Urban Scrawl

January 18, 2011

Every kid remembers with fondness the times they got into the most trouble.  I can clearly recall countless times I was scolded, lovingly spanked with a slipper, adoringly attacked with a hanger, or proudly obtained a pink handprint on my young ample posterior.

I especially remember I used to write on our pristine white walls.  A lot.  Despite constantly being told not to.  One particular instance that stands out in my mind, is a 4ft x 3ft groundbreaking doodle I did at an early age I can barely remember much else at.  It was an epic pencil on textured partition wall rendering of a whale-bunny who had swallowed an artist.  The whale-bunny was drawn transparently, so as to show the artist sitting at his easel, painting a magnificent masterpiece that might one day come close to the awe-inspiring whale-bunny portrait.  Waves crashed against the whale-bunny from all sides, yet it remained undeterred, and the nameless artist remained captive within the belly of the beast.

Being so young, I don’t remember why I drew whale-bunny, or what my motivation was.  I can only guess that I was likely trying to make a statement about how capitalism steadfastly continues to encourage consumption and excess despite pressures of external forces which would otherwise suggest that redistribution of wealth in the free market economy is, or would soon be, much overdue.  Regardless, I had enough time to finish my piece before my mom discovered me 2 steps back proudly admiring my work, pencil firmly within my triumphant grasp.


I was of course a brilliant kid, and I knew at this point that I couldn’t blame my brother.  Because he was a baby, and because I was the one holding the pencil with lead smudges all over my mitts.  Purely circumstantial, I know, and I weighed the cost of arguing as such, but I knew that in this court I would not be granted a fair trial.  The judge was particularly harsh on art crimes, a fact I was aware of from witnessing judgement against prior offenses.  Punishments which only grew harsher somehow, as if directly related in some way to the amount of weeks spent by the judgejuryexecutioner painstakingly erasing all markings from throughout the house (such a questionable past-time).

Resigned to my fate, I walked my mom through my piece, and explained all aspects.  1 min and 27 seconds of senseless childish muttering later, I had finished, and braced for impact.  I fully expected my bowl cut to be knocked into a gravity defying pompadour.

To my surprise, this epic piece was very well received.  Though my mom reiterated that I am under no circumstances allowed to draw on any surface in the house other than paper, she called my dad over to show him what I had done, beaming with more pride than I, myself — father of whale-bunny — had.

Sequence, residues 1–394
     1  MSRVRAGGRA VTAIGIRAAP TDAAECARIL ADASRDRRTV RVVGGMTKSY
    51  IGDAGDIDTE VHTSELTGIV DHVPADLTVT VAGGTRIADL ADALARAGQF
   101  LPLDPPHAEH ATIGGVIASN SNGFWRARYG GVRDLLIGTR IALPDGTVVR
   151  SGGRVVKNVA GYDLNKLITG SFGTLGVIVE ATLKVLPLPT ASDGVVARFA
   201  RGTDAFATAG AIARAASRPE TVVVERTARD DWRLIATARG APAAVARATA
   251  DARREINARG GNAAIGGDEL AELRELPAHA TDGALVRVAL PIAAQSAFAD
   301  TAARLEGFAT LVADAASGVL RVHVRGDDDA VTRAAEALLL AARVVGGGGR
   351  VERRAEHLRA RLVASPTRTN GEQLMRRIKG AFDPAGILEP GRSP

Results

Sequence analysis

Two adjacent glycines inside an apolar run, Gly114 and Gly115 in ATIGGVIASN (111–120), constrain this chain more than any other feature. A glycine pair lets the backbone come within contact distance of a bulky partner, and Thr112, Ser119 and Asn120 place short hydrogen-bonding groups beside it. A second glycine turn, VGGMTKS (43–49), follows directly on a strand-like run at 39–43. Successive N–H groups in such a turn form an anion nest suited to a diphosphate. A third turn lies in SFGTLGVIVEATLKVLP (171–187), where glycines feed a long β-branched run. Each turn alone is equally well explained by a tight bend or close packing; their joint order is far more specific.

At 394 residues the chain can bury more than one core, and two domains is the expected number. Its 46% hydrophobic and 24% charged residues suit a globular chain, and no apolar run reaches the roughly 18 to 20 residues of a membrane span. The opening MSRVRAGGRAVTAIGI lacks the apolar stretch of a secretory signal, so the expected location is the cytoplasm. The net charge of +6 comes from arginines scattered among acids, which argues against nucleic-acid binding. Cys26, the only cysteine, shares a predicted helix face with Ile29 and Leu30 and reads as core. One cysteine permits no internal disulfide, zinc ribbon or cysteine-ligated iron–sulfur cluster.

Utterly confused, I wandered off with my pencil, until my parents called me back over moments later.  They sat me down on couch and placed a mysteriously acquired and lovingly cleaned off 2nd 5th/6th-hand chalkboard desk in front of me.

Go ahead. You draw.

Many artists wait years for the amount of free creative license and funding I received that day, but alas, I wasn’t able to recreate the success of whale-bunny.  I tried, but it just didn’t work.  I tried recreating whale-bunny in other situations.  I tried crafting a social commentary piece on Eastern Bloc strategy as it related to the 1962 Cuban Missile Crisis.  Nothing worked.  My mom even asked me once why it was that I wasn’t able to do what I did on walls on paper or other sanctioned forms.  I don’t really know, but there’s just something that happens in the journey from horizontal to vertical that makes a pit stop at awesome.

I started this post intending to draft a commentary on graffiti and it’s expansion from scrawled SharpieTM scribbles to homemade makeshift shoe polish drippy pens to aerosol fueled murals to sensational stickering to the art form’s proliferation in pop culture and presidential campaigns.  It was going to be a brilliant piece of work, complimented by photos of my own work and studio.  I have no doubt that it would’ve changed lives (perhaps saved some), and contributed to advancing legislation friendlier to art installations within public spaces.  But alas, it’s lost in the ether due to a haphazard whale-bunny digression.  I don’t know how I lost it.  Maybe because I wrote this post down, rather than up.. on the wall.

soldiers of fortune. my favorite brushes.

a peek in the lab

3 Responses to “Urban Scrawl”

  1. Cindi said

    There…you got a comment…happy? Can you stop drawing on our wall now???

  2. Steph Yu said

    Loved this post… “father of whale-bunny”, too funny

  3. Jesse Sanchez said

    I gotta have more whale-bunny!

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